For one, we have Xanxus. He’s presented to us as completely selfish and more than a little psychotic, and never shows regret for any of it. Then comes his defeat, more by Fate than by Tsuna, and he gets a Revelation scene. Normally a Revelation scene gives the audience the backstory of a villain and explains to us why they have done whatever dreadful things they’ve done. This may or may not be accompanied by repentance and may or may not affect the character’s final fate, but it generally secures some sympathy for their motivations. Only, in Xanxus’ case, his backstory makes it clear that he’s always been a selfish bastard, that he was arrogant and carelessly cruel and full of exactly the kind of pride that goes before a justified fall. Just to drive the nail in further, at the end of the Revelation, Xanxus affirms once again that he has no noble motives at all, he just wanted to be praised and elevated, to have the prop of a high position.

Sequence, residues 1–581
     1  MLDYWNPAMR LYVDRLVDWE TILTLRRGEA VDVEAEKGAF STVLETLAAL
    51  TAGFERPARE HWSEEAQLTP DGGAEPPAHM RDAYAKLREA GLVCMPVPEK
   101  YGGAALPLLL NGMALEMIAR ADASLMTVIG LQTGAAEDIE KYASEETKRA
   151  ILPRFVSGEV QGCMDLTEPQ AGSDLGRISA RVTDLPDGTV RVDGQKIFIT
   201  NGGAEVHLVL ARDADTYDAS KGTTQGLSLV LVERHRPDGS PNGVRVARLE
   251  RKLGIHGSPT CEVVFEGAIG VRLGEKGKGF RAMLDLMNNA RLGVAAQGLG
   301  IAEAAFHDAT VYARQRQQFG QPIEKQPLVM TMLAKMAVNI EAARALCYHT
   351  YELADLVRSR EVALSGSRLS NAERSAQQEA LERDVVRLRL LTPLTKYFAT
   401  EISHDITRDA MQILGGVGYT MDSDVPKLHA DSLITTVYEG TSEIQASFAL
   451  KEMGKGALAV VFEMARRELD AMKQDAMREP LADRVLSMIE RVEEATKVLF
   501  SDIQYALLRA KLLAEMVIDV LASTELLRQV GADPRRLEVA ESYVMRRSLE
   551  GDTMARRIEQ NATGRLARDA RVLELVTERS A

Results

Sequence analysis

What this suggests about his character is that he has no real sense of self-worth. The Revelation shows his pride in his (supposedly) birth-given position, and, when he realizes the position isn’t his by birth after all, shows Xanxus himself saying that he’s actually lower than all those people he scorned and abused. This makes his motivation blindingly clear; if he has no other source of worth, then of course he would go to whatever lengths it took to reclaim a “rightful” position as the Ninth’s heir. But it also suggests that Xanxus has no belief in his own abilities and his strength is less in rage than in desperation, which makes him… well, rather pitiful.